We will be keeping everyone informed as we take steps to become incorporated as a non-profit body and meeting in the near future to plan the way forward. 

The Slessor Residents’ Group has decided not to ask for “Party” status at the pre hearing on Friday 30 November.

This is a big mistake.

A leading light in the five strong residents’ group, Bob Bahlieda, knows the Slessor application inside out.  His forensic skills can lay bare inconsistencies and errors in the most densely argued case.

Other members of the group bring with them detailed knowledge of the Slessor application in all its forms, as it has mutated over the months.

The Town’s Planning Department has consulted the group from the outset, believing it represents the views of residents. And tri-partite meetings have been held with the developers so the group knows the nuts and bolts of the application in a way that no-one else does.

Given all this, it seems to me inconceivable that the OMB Adjudicator would refuse a request from the Slessor Residents’ Group for Party status.

I can’t see the Town of Newmarket objecting.

The developers, quite possibly.

They want to convince us that their sky high development is just the tonic that Newmarket needs.

But, ultimately, the decision will be for the OMB panel member adjudicating.

The Slessor Residents’ Group say they are content with Participant status. Their lead spokesperson, Anna O’Rourke, explains:

(1)         There is little to be gained by our group (in going for Party status). Party status requires full time commitment to attend and participate in the hearings which could last up to four weeks.

(2)         We also have few witnesses to call and cross-examination would only rehash the same disagreements we have had with the project already and allow them to attack them through cross-examination.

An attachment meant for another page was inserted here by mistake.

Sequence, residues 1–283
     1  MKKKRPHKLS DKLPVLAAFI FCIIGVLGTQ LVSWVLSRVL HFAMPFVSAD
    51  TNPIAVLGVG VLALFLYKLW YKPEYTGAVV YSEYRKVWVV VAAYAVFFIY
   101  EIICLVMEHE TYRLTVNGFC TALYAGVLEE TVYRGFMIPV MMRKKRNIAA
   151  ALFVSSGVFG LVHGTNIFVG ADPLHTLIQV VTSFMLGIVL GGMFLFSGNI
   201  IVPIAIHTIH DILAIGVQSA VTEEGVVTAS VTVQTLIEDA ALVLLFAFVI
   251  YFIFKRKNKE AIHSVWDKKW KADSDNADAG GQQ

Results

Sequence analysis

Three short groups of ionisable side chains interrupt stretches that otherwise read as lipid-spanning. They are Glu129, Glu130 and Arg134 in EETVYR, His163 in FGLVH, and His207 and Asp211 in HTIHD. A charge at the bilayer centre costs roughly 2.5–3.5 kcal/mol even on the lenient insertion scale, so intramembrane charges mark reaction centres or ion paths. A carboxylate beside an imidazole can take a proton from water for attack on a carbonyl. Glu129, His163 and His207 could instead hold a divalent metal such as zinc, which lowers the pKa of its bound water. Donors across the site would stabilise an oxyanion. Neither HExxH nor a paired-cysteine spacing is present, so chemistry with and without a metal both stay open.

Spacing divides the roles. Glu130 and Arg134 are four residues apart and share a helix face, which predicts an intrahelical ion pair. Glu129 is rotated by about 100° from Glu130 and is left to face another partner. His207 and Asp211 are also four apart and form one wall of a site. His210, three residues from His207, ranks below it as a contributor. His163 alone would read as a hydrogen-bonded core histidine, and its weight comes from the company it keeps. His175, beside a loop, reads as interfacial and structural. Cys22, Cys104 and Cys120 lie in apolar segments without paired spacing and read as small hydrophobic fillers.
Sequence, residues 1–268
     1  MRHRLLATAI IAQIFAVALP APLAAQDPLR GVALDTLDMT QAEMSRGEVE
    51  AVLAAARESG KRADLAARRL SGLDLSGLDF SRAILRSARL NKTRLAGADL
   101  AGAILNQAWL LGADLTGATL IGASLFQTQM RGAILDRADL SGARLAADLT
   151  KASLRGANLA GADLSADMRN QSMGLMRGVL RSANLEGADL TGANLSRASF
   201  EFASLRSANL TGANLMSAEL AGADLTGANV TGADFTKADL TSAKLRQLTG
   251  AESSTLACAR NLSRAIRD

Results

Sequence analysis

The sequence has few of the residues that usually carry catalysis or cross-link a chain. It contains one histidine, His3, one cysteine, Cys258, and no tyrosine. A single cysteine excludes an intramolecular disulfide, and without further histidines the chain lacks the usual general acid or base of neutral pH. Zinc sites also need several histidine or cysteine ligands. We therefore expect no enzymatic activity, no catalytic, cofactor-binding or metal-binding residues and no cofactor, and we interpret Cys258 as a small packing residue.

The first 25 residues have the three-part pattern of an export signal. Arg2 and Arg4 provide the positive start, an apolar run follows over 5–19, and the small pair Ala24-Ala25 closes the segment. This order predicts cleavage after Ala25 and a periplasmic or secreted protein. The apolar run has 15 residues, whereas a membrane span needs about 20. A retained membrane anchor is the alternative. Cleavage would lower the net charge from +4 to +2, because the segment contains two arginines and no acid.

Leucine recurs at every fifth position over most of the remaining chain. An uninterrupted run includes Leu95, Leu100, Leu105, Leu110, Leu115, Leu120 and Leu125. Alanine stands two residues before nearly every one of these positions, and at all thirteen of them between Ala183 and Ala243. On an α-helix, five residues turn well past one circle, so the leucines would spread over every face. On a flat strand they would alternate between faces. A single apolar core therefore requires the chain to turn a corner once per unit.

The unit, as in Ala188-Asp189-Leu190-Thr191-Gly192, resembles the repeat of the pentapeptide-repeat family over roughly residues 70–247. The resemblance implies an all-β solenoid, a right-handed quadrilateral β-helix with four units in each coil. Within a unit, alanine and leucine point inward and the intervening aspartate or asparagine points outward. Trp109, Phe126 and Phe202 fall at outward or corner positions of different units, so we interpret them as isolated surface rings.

(3)         We also have no legal standing at the OMB but must use our moral arguments to oppose the project. Party status leaves us open to having our position undermined. Expert witnesses at the hearing will be prepped by their legal team. We have no expertise in being witnesses.

(4)         In contrast, the role of participant allows us to fully present our case while not having the OMB distracted by cross examination or by throwing us off our message. We will still make all the same points as we would being a party but without the distraction of cross examination and the potential that we say something that will prejudice our case. Given our limited resources the role of participant is a more preferred strategy that lets us control our message.

The Slessor Residents’ Group don’t need to pretend to be something they are not. They are not Bay Street lawyers or planning professionals. They are concerned citizens. No more and no less. And they don’t need to be frightened of their own shadow.

As Participants, they will get one kick at the ball and then they are off the field and are spectators again. Those with Party status are key players throughout.

I hope it is not too late for the group to reconsider.

So what are the pros and cons of going for Party status?

Pros

(1)         The Group would be giving voice to a large number of local people who object strongly to the Slessor development. There is no other group that purports to represent the views of local people on the Slessor development.

(2)         It doesn’t cost anything to become a party – other than in terms of time. (And, yes, that is a big deal.)

(3)         Parties do not need to be “experts” or be legally represented. They just need to be able to speak on their own behalf and present their evidence to the hearing. In the pool of 23 OMB adjudicators there are “lawyers, former elected officials, engineers, surveyors, planners and public administrators.”

(4)         Parties can cross examine if they choose. In the course of the OMB hearing, the developers may make statements that cry out to be challenged.

(5)         Crucially, Parties can ask the OMB to help broker an agreement. The OMB says it may try to settle disputes or reduce the number of issues at a hearing by bringing parties together informally through mediation. Those with participant status are expressly excluded from the process. The Slessor Residents' Group would be in on any mediation talks.

Cons

(1)         There would be a major investment in time, not necessarily money. There would be modest photocopying costs and so on.

(2)         The bona fides of the Slessor Residents’ Group could be challenged. Are the spokespeople elected or self appointed? Is there a membership? And do they meet and vote on positions?